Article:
If you are interested in doing some worm farming, and want to do it for an inexpensive cost, then you have come to the right place. We will look at a specific plan for a Do-it-yourself worm bin, and explore some of the cheaper options for building the right worm farm.
For this article, we are going to keep the goal in mind, and that would be to make this extremely affordable. When you are trying to keep things cheap on a worm bin, sometimes you need to keep in mind that you want this to be a successful project, not just a cheap one. Hopefully, we will explore how to do both. So rather than go spend a hundred dollars on a bin, without even getting the worms, we thought we could help you save some money right off the bat. If we can keep the cost down on the worm bin, then it will allow us to spend more money on the actual worms!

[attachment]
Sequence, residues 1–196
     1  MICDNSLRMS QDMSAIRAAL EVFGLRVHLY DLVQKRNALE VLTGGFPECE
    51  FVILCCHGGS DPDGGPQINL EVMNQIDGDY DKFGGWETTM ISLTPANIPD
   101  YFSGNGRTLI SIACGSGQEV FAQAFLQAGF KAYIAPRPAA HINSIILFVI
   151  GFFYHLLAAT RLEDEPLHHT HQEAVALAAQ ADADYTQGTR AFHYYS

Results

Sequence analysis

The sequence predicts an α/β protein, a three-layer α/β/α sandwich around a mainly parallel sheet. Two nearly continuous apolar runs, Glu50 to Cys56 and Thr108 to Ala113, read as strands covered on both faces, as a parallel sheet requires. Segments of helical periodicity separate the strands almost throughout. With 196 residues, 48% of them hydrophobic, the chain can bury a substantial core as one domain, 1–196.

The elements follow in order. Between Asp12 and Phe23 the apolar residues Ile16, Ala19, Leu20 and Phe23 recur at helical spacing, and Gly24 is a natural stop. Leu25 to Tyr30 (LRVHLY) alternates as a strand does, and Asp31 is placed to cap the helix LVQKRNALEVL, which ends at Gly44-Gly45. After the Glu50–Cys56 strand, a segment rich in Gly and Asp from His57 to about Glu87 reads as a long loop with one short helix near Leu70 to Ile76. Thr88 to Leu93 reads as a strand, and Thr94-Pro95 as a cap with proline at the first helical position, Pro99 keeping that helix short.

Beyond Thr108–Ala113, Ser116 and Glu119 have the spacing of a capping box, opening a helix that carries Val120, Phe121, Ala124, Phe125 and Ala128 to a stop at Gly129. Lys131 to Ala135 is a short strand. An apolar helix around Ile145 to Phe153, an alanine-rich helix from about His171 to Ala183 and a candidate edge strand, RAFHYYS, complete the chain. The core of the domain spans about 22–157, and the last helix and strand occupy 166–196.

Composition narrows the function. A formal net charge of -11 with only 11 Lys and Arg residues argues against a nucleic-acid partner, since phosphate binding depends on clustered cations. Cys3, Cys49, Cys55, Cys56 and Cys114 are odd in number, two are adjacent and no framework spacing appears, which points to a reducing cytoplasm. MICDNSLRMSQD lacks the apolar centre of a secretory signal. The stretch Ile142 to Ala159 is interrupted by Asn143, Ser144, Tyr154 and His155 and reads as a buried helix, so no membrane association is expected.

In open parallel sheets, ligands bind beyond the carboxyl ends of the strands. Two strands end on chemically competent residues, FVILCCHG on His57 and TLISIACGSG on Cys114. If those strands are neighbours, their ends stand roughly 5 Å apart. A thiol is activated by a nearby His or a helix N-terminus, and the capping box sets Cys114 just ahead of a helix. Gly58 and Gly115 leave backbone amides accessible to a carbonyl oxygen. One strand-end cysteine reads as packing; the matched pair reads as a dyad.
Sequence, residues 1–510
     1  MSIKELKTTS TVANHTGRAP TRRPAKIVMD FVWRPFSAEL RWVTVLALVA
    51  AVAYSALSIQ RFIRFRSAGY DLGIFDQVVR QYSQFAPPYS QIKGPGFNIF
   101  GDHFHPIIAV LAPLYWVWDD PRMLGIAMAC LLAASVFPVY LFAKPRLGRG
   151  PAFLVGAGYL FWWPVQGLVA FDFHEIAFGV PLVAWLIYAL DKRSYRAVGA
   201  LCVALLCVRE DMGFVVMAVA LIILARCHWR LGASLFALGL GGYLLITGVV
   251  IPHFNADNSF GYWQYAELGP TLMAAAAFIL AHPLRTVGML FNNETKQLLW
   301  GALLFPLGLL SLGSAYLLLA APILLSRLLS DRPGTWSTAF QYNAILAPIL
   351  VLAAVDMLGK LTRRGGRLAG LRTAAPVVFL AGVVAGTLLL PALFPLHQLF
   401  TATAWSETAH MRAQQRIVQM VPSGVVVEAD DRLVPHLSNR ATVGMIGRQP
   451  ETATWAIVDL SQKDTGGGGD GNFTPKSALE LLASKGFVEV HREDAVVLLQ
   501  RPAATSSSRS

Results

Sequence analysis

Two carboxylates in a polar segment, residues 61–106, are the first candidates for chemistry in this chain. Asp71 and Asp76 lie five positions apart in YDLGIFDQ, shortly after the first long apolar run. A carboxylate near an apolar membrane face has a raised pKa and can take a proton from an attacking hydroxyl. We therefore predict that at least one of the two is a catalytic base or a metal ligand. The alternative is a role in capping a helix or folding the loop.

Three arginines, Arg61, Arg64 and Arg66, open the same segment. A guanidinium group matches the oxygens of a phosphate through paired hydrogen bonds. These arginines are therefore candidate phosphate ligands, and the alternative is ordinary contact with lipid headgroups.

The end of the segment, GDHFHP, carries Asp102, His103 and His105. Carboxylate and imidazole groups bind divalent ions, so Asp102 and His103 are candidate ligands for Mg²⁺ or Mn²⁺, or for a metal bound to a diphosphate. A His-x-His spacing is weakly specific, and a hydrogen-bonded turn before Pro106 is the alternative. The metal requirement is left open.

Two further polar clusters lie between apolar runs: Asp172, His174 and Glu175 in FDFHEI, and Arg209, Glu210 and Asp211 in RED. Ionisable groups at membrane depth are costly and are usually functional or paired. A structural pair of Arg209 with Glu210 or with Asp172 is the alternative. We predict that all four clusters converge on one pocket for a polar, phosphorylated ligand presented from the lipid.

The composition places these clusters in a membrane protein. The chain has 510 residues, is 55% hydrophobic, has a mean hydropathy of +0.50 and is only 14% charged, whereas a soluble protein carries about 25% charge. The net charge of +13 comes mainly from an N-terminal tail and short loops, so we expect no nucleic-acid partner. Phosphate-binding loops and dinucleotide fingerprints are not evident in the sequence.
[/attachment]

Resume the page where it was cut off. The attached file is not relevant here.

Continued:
The best bin for this I have seen are some eighteen gallon rubbermaid bins, two of them. You can find these at an average department grocery superstore such as Costco, Walmart, or Target. We also sell specific worm bins on our site! These are fantastic things to start with, and poke holes in the first bin(the one on the inside). One is going to rest inside the other. If you have some newspapers, and can make some bedding, then your worms will hatch happily. This cuts the cost down quite a bit.
If you can go ahead and get your own rubbermaid bins, that are closer to twenty bucks, and you can get some soil from outside and use your newspapers as some bedding, you will be able to buy two or three extra pounds of worms with the money you will save.
In worm farming, I am a firm believer that the goal should be to get the optimal health and success of the worms, with the least cost put into it. There is a law of diminishing returns, and the line to cross is set very low. I mean, these are worms. Not vintage classic muscle cars or something that can break if you don’t throw all your money into it.
Hopefully these tips help you out on starting a worm bin. Let us know how your projects go!